Government

Presidential candidate Julian Castro in Hiawatha concedes he's not the front-runner - yet

Ben Roberts/Freelance

Julian Castro, who is seeking the Democratic Party’s presidential nomination in 2020, meets with supporters Sunday afternoon at an event hosted by Linn County Democrats at Karma Coffee Cafe in Hiawatha. Castro served as the U.S. secretary of Housing and Urban Development under President Barack Obama.
Ben Roberts/Freelance Julian Castro, who is seeking the Democratic Party’s presidential nomination in 2020, meets with supporters Sunday afternoon at an event hosted by Linn County Democrats at Karma Coffee Cafe in Hiawatha. Castro served as the U.S. secretary of Housing and Urban Development under President Barack Obama.

HIAWATHA — Iowa’s 40-degree weather still was “a little cold for my blood,” Julian Castro joked with about 90 people who came to see him Sunday.

Like the weather, he hopes Iowans are warming up to him, the former mayor of San Antonio said.

“I know that this is like people shopping at the beginning of a college semester,” he told his standing-room-only audience at Karma Coffee Café. “For all you all that are still thinking about it, thank you. ... I’m going to work hard, and I believe we can do great here in Iowa when the time comes.”

At the moment, Castro is among the 1 percenters in the most recent poll from Emerson College along with John Hickenlooper, Tulsi Gabbard and Jay Inslee. They are behind former Vice President Joe Biden and Sen. Bernie Sanders of Vermont at 25 percent and 24 percent, respectively.

Castro, the son of a first-generation American, acknowledged that he’s not the front-runner, “but I wasn’t born a front-runner.”

“I bet there are a lot of folks in this room who didn’t grow up a front-runner,” he said. “A lot of people in America and in Iowa who don’t feel like a front-runner.

“I’m going to work hard,” Castro continued. “I’m confident that as I deliver a message of making sure that no matter where somebody is in life, they can prosper and reach their dreams in this country, too, by the time Feb. 3 comes around and you all go to caucus, that I can be the front-runner with your help.”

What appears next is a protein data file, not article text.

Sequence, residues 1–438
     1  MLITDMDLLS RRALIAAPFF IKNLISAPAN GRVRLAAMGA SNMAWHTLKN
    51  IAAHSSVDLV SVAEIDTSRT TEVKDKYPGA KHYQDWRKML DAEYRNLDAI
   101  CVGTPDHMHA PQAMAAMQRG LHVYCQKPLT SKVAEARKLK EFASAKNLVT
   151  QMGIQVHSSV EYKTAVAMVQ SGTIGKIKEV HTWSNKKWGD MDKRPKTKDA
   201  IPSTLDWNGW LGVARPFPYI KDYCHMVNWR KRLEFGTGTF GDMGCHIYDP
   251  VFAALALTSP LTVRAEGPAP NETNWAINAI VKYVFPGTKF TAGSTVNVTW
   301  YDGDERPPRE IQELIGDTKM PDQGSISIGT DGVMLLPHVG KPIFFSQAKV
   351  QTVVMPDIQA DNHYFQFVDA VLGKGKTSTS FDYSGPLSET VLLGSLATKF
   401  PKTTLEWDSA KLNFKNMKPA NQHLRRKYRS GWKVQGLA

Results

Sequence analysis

His vision is for America as the smartest, healthiest, fairest and most prosperous country in the world. Castro, 44, laid out a vision of universal preschool and tuition-free postsecondary education, strengthening Medicare and expanding it for anyone who wants to participate in the federal health care program, raising the minimum wage, writing a tax code that “expects more from the very wealthy and corporations, and continuing criminal justice reforms, including bail reform.

ARTICLE CONTINUES BELOW ADVERTISEMENT

His biggest applause came when Castro pledged to recommit to the Paris climate accord and follow that with legislation that invests in sustainability.

Responding to questions, Castro said flood recovery programs should be focused on the consumer, on families. He wants to build alliances with nations to confront China’s trade policies rather than take a go-it-alone approach. A 21st-century Marshall Plan for Latin American would help alleviate the need for families from that region to flee their home countries.

Castro also wants to see the Equal Rights Amendment passed and said the litmus test for his Supreme Court nominees would be that they “share my progressive values … to support, protect Roe v. Wade.”

Although he had participated in the Heartland Forum on rural issues Saturday, Castro said he doesn’t have all the answers to the issues facing farmers and rural America.

“I’m a city boy,” Castro said, but added that he’s learning and listening to gain a better understanding of those issues.

“If I didn’t believe I could lead, I wouldn’t be stepping up and running for president,” Castro said. “I also have a lot to learn, and I’m willing to do that.”

l Comments: (319) 398-8375; james.lynch@thegazette.com

Give us feedback

We value your trust and work hard to provide fair, accurate coverage. If you have found an error or omission in our reporting, tell us here.

Or if you have a story idea we should look into? Tell us here.

Give us feedback

We value your trust and work hard to provide fair, accurate coverage. If you have found an error or omission in our reporting, tell us here.

Or if you have a story idea we should look into? Tell us here.